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Our research programme

Our external research programme

WSRO is dedicated to improving understanding of the role that dietary sugars play in human nutrition and health. Committed to transparent engagement with researchers and external partners, we support a small programme of peer-reviewed transparent research aimed at addressing knowledge gaps within the global scientific literature on sugars and health. We commission and fund systematic reviews and research studies, through the provision of unrestricted research grants. These research projects are undertaken by scientists in established academic institutions across the globe and published Open Access in peer-reviewed scientific journals. 

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Scientific integrity and practice

We adhere to a set of Operating Principles to ensure integrity and transparency in our activities. These are based on:

Peer review policy for internal publications 

WSRO is committed to the principles of scientific peer review even for internal scientific documents (briefings, factsheets etc.). WSRO follows scientific review procedures to ensure that scientific documents disseminated by the organisation meet the same scientific quality standards as those published in scientific journals. Reviewers cannot have prior direct involvement in the authorship of the document undergoing review. Reviewers are acknowledged in the document for their expert contribution. 

Examples of past research projects supported by WSRO

Research projects supported by the World Sugar Research Organisation are independently peer reviewed according to the review process of the scientific journal in which they are published. It is a requirement of research projects in receipt of financial support from WSRO that they are published Open Access, in peer-reviewed scientific journals. Researchers receiving financial support from WSRO are contractually required to clearly declare this upon the scientific publications supported.


Currently, there is considerable emphasis on the relationship between dietary sugar consumption and various health outcomes, with some countries and regions implementing national sugar reduction campaigns. This has resulted in significant efforts to quantify dietary sugar intakes, to agree on terms to describe dietary sugars and to establish associated recommendations. However, this information is infrequently collated on a global basis and in a regularised manner. The present review provides context regarding sugar definitions and recommendations. It provides a global review of the available data regarding dietary sugar intake, considering forms such as total, free and added sugars. A comprehensive breakdown of intakes is provided by age group, country and sugar form. This analysis shows that free sugar intakes as a percentage of total energy (%E) are the highest for children and adolescents (12-14%E) and the lowest for older adults (8%E). This trend across lifecycle stages has also been observed for added sugars. The available data also suggest that, while some reductions in sugar intake are observed in a few individual studies, overall intakes of free/added sugars remain above recommendations. However, any wider conclusions are hampered by a lack of detailed high-quality data on sugar intake, especially in developing countries. Furthermore, there is a need for harmonisation of terms describing sugars (ideally driven by public health objectives) and for collaborative efforts to ensure that the most up-to-date food composition data are used to underpin recommendations and any estimates of intake or modelling scenarios.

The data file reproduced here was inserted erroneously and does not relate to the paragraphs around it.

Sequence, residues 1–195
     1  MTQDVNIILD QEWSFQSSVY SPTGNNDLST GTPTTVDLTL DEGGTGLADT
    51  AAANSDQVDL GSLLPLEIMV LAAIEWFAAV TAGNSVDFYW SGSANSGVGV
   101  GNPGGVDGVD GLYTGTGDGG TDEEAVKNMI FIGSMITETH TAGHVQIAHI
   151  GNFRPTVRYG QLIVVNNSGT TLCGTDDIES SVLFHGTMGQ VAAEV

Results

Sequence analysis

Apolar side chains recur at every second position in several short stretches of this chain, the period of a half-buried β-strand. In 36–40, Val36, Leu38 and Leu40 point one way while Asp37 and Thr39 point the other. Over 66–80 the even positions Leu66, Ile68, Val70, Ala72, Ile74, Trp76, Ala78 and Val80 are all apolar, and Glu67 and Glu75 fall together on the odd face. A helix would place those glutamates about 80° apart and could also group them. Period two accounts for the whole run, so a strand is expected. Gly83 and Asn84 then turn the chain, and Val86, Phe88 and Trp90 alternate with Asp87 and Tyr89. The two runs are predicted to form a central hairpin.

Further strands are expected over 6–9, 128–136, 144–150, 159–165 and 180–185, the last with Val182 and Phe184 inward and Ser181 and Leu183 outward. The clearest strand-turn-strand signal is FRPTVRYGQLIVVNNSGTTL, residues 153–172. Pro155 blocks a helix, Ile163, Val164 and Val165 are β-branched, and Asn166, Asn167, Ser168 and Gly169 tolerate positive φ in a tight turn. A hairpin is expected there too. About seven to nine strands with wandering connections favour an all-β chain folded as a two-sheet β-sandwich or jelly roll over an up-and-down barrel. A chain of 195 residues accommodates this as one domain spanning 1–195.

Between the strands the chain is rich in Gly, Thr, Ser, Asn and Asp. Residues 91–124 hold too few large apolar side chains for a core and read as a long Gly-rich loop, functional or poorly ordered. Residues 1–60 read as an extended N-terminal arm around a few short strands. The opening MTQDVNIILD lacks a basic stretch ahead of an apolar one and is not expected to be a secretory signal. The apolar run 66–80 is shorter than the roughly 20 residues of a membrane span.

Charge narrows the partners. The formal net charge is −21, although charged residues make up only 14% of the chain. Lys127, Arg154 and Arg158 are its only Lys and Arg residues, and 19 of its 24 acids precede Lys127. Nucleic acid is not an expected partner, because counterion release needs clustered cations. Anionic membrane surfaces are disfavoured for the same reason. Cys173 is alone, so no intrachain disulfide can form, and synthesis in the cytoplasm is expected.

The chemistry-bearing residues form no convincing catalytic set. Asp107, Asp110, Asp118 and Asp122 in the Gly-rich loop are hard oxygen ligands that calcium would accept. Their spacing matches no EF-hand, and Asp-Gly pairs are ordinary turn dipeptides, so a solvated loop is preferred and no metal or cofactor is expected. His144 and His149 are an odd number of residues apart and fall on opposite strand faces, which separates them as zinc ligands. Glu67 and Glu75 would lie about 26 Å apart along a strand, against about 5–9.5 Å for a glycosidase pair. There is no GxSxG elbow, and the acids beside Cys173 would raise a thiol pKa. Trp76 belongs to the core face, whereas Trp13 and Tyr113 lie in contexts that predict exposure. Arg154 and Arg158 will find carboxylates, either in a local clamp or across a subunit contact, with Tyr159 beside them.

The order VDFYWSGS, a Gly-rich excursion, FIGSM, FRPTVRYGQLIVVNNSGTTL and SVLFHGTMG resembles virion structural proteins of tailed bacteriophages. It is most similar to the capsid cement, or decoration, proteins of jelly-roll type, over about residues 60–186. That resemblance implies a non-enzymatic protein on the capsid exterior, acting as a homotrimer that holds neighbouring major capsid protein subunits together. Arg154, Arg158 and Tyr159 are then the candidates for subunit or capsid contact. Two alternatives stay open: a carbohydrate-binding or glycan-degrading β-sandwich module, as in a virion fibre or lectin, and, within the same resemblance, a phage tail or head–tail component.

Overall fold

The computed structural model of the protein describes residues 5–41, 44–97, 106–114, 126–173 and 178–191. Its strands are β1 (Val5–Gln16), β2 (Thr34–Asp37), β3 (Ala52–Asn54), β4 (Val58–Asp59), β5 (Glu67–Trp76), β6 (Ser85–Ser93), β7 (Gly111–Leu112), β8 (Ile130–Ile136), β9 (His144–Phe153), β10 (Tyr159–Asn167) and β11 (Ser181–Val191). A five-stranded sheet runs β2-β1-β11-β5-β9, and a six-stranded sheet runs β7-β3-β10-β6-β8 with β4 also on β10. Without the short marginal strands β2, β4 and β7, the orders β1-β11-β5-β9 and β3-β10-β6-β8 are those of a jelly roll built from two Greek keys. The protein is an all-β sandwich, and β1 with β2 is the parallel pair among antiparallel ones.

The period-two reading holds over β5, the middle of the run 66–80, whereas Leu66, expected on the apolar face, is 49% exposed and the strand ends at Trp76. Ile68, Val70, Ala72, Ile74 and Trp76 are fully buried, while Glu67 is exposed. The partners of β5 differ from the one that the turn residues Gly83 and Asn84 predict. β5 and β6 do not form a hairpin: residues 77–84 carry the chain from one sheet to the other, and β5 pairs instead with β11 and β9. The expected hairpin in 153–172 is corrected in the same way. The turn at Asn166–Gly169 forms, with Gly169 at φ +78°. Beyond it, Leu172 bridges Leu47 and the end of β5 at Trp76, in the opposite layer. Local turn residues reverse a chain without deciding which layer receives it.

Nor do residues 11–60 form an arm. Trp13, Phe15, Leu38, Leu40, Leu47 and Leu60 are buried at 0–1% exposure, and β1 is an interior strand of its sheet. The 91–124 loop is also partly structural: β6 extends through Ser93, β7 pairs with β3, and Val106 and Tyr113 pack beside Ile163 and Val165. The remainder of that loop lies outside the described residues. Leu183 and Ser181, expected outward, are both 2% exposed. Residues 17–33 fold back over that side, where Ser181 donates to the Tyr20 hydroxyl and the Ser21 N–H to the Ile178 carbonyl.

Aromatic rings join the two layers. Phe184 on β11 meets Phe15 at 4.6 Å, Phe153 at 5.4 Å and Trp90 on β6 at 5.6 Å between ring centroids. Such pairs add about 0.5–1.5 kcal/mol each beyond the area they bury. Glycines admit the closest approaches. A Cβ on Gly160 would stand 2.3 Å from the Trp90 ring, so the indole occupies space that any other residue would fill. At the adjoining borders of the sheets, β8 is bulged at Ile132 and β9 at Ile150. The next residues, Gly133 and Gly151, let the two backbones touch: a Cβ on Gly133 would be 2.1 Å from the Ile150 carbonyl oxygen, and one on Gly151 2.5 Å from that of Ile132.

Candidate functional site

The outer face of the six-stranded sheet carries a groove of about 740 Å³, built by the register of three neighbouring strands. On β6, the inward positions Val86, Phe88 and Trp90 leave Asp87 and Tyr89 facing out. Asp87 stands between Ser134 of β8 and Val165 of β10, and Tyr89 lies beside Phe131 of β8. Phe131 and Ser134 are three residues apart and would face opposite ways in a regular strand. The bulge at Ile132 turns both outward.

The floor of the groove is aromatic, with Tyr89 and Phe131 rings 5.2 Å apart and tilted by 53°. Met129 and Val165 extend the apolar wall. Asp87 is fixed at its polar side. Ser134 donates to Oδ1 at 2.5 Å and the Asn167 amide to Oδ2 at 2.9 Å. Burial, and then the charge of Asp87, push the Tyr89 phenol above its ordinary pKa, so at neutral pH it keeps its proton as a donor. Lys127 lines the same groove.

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There are well known phenotypic differences in sweet-liking across individuals, but it remains unknown whether these are related to broader underlying differences in interoceptive abilities (abilities to sense the internal state of the body). Here, healthy women (N = 64) classified as sweet likers (SLs) or sweet dislikers (SDs) completed a bimodal interoception protocol. A heartbeat tracking and a heartbeat discrimination task determined cardiac interoception; both were accompanied by confidence ratings. A water load task, where participants consumed water to satiation and then to maximum fullness was used to assess gastric interoceptive abilities. Motivational state, psychometric characteristics and eating behaviour were also assessed. SLs performed significantly better than SDs on both heartbeat tasks, independently of impulsivity, anxiety, depression, and alexithymia. No differences in metacognitive awareness and subjective interoceptive measures were found. With gastric interoception, SLs were more sensitive to stomach distention, and they ingested less water than SDs to reach satiety when accounting for stomach capacity. SLs also scored higher on mindful and intuitive eating scales and on emotional eating particularly in response to negative stimuli; emotional overeating was fully mediated via interoceptive performance. Overall, our data suggest the SL phenotype may reflect enhanced responsiveness to internal cues more broadly.